Apparently I’m not the only one talking about energy intensity.
A draft of the climate change declaration prepared by the Asia-Pacific Economic Co-operation (APEC) Forum, which includes the
The declaration – you can read it here – is a remarkably evasive document (if it is genuine...). It takes real craftsmanship to construct something like this.
The opening includes a call for a future global climate change framework based on a list of eight principles, none of which include the terms “greenhouse gas emissions”, “carbon emissions”, or for that matter, “climate change”. Then, betraying its roots in Bush Administration policy, the document calls for APEC nations to:
Agree that a long-term aspirational global emissions reduction goal will be a key component of the post-2012 framework
Aspirational, a word straight from the U.S. Government lexicon. As in I aspire to run the 100 m in 9.75 and reclaim rightful Canadian ownership over the record. And, am I paranoid, or is the use of the general term emissions, rather than greenhouse gas emissions, a trick used by the Conservative Government in Canada last year, just a wee bit suspicious?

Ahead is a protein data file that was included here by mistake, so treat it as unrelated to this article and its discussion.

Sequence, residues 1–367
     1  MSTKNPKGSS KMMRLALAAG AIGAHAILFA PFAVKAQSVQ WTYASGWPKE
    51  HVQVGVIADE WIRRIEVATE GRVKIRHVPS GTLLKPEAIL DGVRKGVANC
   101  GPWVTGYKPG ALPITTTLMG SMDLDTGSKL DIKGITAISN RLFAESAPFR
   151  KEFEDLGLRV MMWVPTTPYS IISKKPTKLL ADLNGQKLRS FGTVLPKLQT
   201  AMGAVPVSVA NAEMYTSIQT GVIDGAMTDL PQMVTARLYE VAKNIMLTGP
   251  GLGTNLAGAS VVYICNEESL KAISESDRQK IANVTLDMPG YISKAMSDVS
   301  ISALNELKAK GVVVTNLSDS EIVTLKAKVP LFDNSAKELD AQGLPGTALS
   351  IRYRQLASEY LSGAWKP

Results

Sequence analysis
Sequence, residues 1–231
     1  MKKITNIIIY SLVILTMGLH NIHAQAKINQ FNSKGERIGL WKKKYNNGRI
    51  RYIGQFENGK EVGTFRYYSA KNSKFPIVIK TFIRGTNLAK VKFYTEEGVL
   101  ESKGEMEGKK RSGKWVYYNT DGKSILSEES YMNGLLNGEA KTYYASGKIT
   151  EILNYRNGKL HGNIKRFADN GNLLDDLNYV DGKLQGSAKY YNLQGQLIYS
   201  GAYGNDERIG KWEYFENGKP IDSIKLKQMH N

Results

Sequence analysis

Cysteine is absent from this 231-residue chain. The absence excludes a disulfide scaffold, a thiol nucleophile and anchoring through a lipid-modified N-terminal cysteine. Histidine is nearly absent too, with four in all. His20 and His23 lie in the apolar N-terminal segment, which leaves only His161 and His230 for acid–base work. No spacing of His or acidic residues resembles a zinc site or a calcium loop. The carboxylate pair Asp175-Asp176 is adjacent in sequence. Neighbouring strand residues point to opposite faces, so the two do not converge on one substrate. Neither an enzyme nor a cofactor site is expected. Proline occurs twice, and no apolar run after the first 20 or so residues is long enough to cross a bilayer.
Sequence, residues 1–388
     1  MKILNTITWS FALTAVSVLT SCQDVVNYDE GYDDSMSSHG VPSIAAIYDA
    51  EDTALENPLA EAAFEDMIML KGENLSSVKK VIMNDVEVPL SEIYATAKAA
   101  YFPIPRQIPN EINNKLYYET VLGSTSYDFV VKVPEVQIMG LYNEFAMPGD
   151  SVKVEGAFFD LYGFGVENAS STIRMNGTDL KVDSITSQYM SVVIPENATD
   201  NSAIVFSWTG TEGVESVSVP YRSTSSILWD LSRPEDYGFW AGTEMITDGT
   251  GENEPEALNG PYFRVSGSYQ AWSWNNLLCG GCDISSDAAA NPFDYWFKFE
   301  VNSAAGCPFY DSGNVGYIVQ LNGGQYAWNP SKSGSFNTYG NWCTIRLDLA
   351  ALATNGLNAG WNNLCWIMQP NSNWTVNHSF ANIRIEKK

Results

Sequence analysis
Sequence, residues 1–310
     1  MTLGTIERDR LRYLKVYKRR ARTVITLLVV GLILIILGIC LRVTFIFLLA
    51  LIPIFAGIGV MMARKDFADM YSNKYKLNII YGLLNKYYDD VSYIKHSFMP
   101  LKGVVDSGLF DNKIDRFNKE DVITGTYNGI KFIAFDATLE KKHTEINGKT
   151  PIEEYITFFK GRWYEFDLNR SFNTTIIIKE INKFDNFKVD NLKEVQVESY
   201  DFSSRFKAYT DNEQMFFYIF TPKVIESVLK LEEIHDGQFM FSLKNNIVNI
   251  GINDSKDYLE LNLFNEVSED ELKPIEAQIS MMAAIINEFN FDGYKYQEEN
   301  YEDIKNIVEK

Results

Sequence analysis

But back to energy intensity. One of the few numerical targets is a 25% reduction in energy intensity by 2030. As I discussed recently, energy intensity or the energy use per dollar of GDP, has been declining for decades. Looking back at the graph of global energy intensity and emissions intensity over time, the global energy intensity actually decreased by 26% from1985 to 1995 (the last decade for which I have uninterrupted data; the IPCC reports a 33% drop from 1970 to 2004).
A 25% reduction in energy intensity, essentially producing more income with less energy is important, yes. Especially in China and India. But is it an accomplishment? No. Like the US and Canadian targets based on emissions intensity, this target is a farce. It is destined to happen with or without a "climate" policy. The real advance, as the graph shows, would be a decrease in the greenhouse gas emissions per unit of energy production.